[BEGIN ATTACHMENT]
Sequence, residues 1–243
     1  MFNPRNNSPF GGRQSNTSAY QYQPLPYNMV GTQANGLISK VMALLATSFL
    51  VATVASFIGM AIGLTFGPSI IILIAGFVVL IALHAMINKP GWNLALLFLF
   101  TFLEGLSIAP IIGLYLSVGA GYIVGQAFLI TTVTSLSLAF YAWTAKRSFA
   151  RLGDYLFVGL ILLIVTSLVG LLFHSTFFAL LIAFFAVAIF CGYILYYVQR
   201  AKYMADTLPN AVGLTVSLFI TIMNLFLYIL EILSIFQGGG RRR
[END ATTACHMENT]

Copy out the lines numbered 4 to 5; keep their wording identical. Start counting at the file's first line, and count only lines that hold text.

   101  TFLEGLSIAP IIGLYLSVGA GYIVGQAFLI TTVTSLSLAF YAWTAKRSFA
   151  RLGDYLFVGL ILLIVTSLVG LLFHSTFFAL LIAFFAVAIF CGYILYYVQR